Commands tagged validation (5)

  • Validates and pretty-prints the content fetched from the URL. Show Sample Output

    curl -s "" | python -m json.tool | less -R
    keimlink · 2010-03-24 09:15:12 1
  • Place the regular expression you want to validate between the forward slashes in the eval block. Show Sample Output

    perl -we 'my $regex = eval {qr/.*/}; die "$@" if $@;'
    tlacuache · 2009-10-13 21:50:47 1
  • Using the standard numeric comparison but suppressing the STDERR output acts as the simplest way to check a value is numeric. See sample output for some examples. Show Sample Output

    if [ "$testnum" -eq "$testnum" 2>/dev/null ]; then echo It is numeric; fi
    jgc · 2009-10-09 14:57:27 4
  • On CentOS at least, date returns a boolean for the common date string formats, including YYYY-MM-DD. In the sample output, you can see various invalid dates returning 0 whereas a simple regex check would return 1 for the invalid dates. -d, --date=STRING display time described by STRING, not `now' The version of date on OS X does not appear to have this same option. Show Sample Output

    if date -d 2006-10-10 >> /dev/null 2>&1; then echo 1; else echo 0; fi
    SteveGoossens · 2013-01-10 10:35:15 0
  • Quick and easy way of validating a date format of yyyy-mm-dd and returning a boolean, the regex can easily be upgraded to handle "in betweens" for mm dd or to validate other types of strings, ex. ip address. Boolean output could easily be piped into a condition for a more complete one-liner.

    echo 2006-10-10 | grep -c '^[0-9][0-9][0-9][0-9]-[0-9][0-9]-[0-9][0-9]$'
    rez0r · 2009-05-11 22:18:43 3

What's this? is the place to record those command-line gems that you return to again and again. That way others can gain from your CLI wisdom and you from theirs too. All commands can be commented on, discussed and voted up or down.

Share Your Commands

Check These Out

Which processes are listening on a specific port (e.g. port 80)
swap out "80" for your port of interest. Can use port number or named ports e.g. "http"

write the output of a command to /var/log/user.log... each line will contain $USER, making this easy to grep for.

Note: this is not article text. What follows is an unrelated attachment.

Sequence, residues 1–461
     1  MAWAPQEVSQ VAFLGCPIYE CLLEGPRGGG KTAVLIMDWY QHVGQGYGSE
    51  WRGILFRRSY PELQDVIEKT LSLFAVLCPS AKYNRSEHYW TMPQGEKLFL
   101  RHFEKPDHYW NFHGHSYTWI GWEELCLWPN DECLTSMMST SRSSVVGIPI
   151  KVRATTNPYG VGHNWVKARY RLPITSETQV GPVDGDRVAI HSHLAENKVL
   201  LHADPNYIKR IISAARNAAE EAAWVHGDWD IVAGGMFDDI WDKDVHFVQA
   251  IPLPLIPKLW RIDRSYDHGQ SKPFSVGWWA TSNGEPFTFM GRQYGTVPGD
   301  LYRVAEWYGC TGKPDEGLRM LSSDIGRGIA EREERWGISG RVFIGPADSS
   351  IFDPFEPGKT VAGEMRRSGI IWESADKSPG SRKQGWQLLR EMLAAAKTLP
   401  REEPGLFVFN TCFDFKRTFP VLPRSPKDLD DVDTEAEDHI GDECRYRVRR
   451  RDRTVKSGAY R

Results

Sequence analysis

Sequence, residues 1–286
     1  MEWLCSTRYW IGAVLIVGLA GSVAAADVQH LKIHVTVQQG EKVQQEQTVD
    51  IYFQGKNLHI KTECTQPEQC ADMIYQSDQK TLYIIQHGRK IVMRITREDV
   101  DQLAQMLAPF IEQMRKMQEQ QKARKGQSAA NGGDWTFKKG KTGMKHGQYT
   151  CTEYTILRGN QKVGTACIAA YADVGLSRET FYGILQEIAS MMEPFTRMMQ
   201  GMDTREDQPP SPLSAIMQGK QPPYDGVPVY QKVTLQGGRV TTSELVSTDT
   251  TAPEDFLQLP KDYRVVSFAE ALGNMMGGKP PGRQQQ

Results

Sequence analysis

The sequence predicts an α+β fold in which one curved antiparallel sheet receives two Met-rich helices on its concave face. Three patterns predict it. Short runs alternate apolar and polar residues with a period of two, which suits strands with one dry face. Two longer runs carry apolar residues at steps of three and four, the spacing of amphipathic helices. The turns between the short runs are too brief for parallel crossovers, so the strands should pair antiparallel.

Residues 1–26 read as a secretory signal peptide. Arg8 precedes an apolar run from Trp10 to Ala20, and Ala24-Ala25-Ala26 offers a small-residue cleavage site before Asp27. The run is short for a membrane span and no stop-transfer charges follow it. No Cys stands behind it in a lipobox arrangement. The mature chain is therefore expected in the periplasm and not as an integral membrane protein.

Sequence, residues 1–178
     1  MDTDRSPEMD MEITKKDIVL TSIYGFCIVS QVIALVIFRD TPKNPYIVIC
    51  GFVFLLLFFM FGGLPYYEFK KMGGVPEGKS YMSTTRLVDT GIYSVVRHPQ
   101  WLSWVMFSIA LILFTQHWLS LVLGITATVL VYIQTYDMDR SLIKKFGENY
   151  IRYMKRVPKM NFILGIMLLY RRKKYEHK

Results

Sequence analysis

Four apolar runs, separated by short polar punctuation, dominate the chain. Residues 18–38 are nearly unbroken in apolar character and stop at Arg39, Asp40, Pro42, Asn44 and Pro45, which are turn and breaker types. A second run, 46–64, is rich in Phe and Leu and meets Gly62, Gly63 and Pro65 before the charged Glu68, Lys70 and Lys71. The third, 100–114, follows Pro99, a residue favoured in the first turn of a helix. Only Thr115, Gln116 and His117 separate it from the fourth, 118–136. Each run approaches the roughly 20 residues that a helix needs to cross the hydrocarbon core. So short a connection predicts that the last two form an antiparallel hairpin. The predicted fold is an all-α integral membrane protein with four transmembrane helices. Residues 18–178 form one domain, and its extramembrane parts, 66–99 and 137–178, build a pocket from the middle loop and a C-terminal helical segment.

This command is useful if you want to copy the output of a series of commands to a file, for example if you want to pastebin the output from 'uname -a', 'lspci -vvv' and 'lsmod' for video driver trouble-shooting on your favorite Linux forum. 'log' takes all the following arguments as a command to execute, with STDOUT sent to /var/log/user.log. The command is echoed to the log before it is executed. The advantages of using logger (as opposed to appending output from commands to a file) are 1) commands are always appended to the logs... you don't have to worry about clobbering your log file accidentally by using '>' rather than '>>' 2) logs are automatically cleaned up by logrotate. The following functions allow you to mark the start and end of a section of /var/log/user.log. $ startlog() { export LOGMARK=$(date +%Y.%m.%d_%H:%M:%S); echo "$LOGMARK.START" | logger -t $USER; } then $ endlog() { echo "$LOGMARK.END" | logger -t $USER; } printlog will print all lines between $LOGMARK.START and $LOGMARK.END, removing everything that is prepended to each line by logger. $ printlog() { sudo sed -n -e "/$LOGMARK.START/,/$LOGMARK.END/p" /var/log/user.log| sed "s/.*$USER: //"; } The following command should dump just about all the information that you could possibly want about your linux configuration into the clipboard. $ startlog; for cmd in 'uname -a' 'cat /etc/issue' 'dmesg' 'lsusb' 'lspci' 'sudo lshw' 'lsmod'; do log $cmd; done; endlog; printlog | xsel --clipboard This is ready for a trip to, and you don't have to worry about leaving temporary files lying around cluttering up $HOME. Caveats: I'm sure that startlog, endlog, and printlog could use some cleanup and error checking... there are unchecked dependencies between printlog and endlog, as well as between endlog and startlog. It might be useful for 'log' to send stderr to logger as well.